One of the most well-known examples of using this is in math – “PEMDAS - the initials of the order of operations. Another often used is Roy G. Biv to remember the colors of the rainbow. Try it yourself with various facts you’ve learned and you will certainly see results.
Why does it work? According to the experts, the first letter of each of the items in the series is used by our brains as a hint. The clear order in which the letters appear in the mnemonic device focuses on the possibilities of our brain and helps it to retrieve memories more quickly and accurately. In addition, when we create a mnemonic device, we need to repeat the series of information we’ve learned, isolate their first letters and rearrange them logically - this is a repetitive process that allows us to look at the information again and improve brain performance as well as memory.
In the course of our lives, we meet a large number of new people, some of whom we connect with and keep in constant contact with and others a little less. So how can we remember the names of those we don’t see or keep in touch with as often? The graphic image method can help us with this. How does it work? Very simply - when you come across a person whose name you want to remember, imagine a familiar person with the same name or the name of a particular item whose pronunciation resembles that of the person standing in front of you. Then take one of the visual characteristics of the person whose name you are trying to remember, such as the color of his/her hair, the shape of his/her eyebrows or the dimples that adorn his/her face, and incorporate them in your imagination in a certain situation with the familiar person or item you’ve imagined.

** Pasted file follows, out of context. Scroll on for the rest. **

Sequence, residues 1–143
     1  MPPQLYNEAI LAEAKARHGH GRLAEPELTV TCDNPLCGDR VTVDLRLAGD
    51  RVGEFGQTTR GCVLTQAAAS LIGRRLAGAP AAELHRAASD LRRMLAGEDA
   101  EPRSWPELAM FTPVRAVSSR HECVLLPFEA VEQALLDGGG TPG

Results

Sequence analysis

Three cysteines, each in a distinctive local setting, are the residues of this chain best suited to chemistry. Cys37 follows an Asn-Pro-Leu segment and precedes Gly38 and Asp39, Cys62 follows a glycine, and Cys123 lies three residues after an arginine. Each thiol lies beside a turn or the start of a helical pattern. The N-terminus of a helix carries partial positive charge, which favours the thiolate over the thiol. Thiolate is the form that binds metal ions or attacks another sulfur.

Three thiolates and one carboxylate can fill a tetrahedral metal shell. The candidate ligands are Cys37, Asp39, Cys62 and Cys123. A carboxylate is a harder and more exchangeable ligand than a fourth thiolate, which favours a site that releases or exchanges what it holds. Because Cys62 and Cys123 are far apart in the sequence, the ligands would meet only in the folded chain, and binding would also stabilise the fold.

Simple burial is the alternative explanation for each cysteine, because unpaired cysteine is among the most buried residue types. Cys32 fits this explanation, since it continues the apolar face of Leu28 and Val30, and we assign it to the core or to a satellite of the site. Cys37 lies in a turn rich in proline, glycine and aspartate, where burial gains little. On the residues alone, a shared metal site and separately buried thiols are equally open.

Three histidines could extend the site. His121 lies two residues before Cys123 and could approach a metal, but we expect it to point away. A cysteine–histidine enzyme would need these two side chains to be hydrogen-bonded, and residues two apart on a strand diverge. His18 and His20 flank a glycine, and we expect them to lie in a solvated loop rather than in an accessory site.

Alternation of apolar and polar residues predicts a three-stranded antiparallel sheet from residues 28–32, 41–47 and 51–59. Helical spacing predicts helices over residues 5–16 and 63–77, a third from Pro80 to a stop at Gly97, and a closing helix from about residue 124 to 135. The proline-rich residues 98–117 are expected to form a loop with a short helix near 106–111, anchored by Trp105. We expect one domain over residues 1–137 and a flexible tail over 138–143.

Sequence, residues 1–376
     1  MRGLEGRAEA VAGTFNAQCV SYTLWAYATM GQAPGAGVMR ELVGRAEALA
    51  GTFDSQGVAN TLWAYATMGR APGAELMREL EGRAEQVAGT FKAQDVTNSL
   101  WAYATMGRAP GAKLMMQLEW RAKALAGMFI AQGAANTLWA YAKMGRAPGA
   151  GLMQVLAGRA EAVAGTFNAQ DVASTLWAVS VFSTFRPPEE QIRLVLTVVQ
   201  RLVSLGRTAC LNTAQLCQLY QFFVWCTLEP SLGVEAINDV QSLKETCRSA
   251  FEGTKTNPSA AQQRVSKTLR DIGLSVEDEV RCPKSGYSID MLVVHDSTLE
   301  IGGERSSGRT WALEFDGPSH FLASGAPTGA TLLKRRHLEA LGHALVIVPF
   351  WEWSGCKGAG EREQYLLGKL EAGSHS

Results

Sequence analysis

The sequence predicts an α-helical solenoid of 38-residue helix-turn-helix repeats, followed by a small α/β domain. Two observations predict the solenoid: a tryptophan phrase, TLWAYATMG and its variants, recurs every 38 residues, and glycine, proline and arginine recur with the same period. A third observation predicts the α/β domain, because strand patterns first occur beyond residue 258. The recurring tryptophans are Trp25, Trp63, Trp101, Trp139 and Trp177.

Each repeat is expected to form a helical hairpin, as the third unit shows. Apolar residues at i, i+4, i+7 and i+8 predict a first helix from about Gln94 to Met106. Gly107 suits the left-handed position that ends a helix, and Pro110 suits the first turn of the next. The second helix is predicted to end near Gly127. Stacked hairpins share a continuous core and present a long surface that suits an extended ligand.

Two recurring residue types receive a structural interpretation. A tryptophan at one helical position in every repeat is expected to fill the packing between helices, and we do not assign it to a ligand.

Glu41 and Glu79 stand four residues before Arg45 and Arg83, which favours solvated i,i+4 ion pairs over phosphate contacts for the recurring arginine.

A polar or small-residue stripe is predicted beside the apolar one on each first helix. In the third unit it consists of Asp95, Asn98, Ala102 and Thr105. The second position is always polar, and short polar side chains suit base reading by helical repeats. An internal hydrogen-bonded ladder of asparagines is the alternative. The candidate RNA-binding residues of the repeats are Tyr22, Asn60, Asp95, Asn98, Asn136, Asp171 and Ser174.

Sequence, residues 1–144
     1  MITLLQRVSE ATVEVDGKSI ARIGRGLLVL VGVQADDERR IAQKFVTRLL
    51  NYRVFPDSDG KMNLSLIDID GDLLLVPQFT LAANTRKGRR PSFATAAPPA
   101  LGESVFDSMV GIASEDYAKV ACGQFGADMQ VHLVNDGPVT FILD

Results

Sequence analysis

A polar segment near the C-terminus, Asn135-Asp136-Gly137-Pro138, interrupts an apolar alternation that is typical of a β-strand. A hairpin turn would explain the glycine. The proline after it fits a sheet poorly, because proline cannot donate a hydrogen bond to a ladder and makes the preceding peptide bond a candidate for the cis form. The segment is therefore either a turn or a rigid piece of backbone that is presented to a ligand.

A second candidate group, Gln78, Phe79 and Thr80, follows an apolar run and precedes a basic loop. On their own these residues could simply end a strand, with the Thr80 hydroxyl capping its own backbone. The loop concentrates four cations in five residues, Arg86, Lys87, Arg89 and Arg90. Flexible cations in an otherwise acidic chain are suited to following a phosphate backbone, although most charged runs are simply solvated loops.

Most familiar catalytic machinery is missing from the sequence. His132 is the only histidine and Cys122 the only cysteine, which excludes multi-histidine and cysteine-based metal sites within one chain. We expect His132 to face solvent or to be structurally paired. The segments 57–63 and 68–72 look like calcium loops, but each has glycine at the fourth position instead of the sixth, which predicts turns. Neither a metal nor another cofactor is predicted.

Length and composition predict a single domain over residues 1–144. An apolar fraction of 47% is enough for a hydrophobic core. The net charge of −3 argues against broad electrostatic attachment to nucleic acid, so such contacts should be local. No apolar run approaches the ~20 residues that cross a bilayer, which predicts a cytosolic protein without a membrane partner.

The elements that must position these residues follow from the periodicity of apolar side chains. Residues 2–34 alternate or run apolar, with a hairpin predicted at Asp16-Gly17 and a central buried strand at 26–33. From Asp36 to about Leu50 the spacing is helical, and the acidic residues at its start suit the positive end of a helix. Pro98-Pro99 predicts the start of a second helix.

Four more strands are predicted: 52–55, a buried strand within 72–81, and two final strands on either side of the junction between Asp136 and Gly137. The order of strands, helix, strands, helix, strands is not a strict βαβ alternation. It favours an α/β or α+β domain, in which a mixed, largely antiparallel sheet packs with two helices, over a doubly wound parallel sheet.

For example, let's say you’re at a party and meet a guy named Ben whose name you want to remember. First, you can imagine Big Ben in London. Then take a look at his outer appearance, what color is his hair? Is it brown? Imagine Big Ben with a brown toupee on it. Although this is a strange visual to imagine, you’ll be surprised at how this will help you recall the name of the person the next time you meet them face to face.
Why does it work? While names are quite easy to forget and faces usually blend with one another, as soon as we associate the name with a visual cue, memory binds the information together, making retrieval easier and more convenient.
Apart from memory techniques experts also suggest taking part in these simple daily activities to improve memory. We picked 5 of these selected tips for you.